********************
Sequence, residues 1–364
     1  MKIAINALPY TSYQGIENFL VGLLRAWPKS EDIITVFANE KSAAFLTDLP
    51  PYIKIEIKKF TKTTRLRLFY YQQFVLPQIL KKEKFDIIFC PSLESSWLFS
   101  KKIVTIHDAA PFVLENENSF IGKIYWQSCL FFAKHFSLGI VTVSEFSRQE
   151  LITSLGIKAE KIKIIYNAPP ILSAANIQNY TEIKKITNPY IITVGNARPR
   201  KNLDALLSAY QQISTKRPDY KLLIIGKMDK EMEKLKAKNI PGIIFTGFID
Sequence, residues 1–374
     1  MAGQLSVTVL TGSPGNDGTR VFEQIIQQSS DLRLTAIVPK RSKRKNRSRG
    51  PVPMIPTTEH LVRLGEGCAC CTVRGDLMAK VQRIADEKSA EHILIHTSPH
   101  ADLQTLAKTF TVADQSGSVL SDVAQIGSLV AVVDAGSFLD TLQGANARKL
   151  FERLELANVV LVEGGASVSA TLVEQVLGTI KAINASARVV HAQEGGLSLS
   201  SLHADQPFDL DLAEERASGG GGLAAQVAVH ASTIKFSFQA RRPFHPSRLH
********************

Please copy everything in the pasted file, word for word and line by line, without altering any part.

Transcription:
Sequence, residues 1–364
     1  MKIAINALPY TSYQGIENFL VGLLRAWPKS EDIITVFANE KSAAFLTDLP
    51  PYIKIEIKKF TKTTRLRLFY YQQFVLPQIL KKEKFDIIFC PSLESSWLFS
   101  KKIVTIHDAA PFVLENENSF IGKIYWQSCL FFAKHFSLGI VTVSEFSRQE
   151  LITSLGIKAE KIKIIYNAPP ILSAANIQNY TEIKKITNPY IITVGNARPR
   201  KNLDALLSAY QQISTKRPDY KLLIIGKMDK EMEKLKAKNI PGIIFTGFID
Sequence, residues 1–374
     1  MAGQLSVTVL TGSPGNDGTR VFEQIIQQSS DLRLTAIVPK RSKRKNRSRG
    51  PVPMIPTTEH LVRLGEGCAC CTVRGDLMAK VQRIADEKSA EHILIHTSPH
   101  ADLQTLAKTF TVADQSGSVL SDVAQIGSLV AVVDAGSFLD TLQGANARKL
   151  FERLELANVV LVEGGASVSA TLVEQVLGTI KAINASARVV HAQEGGLSLS
   201  SLHADQPFDL DLAEERASGG GGLAAQVAVH ASTIKFSFQA RRPFHPSRLH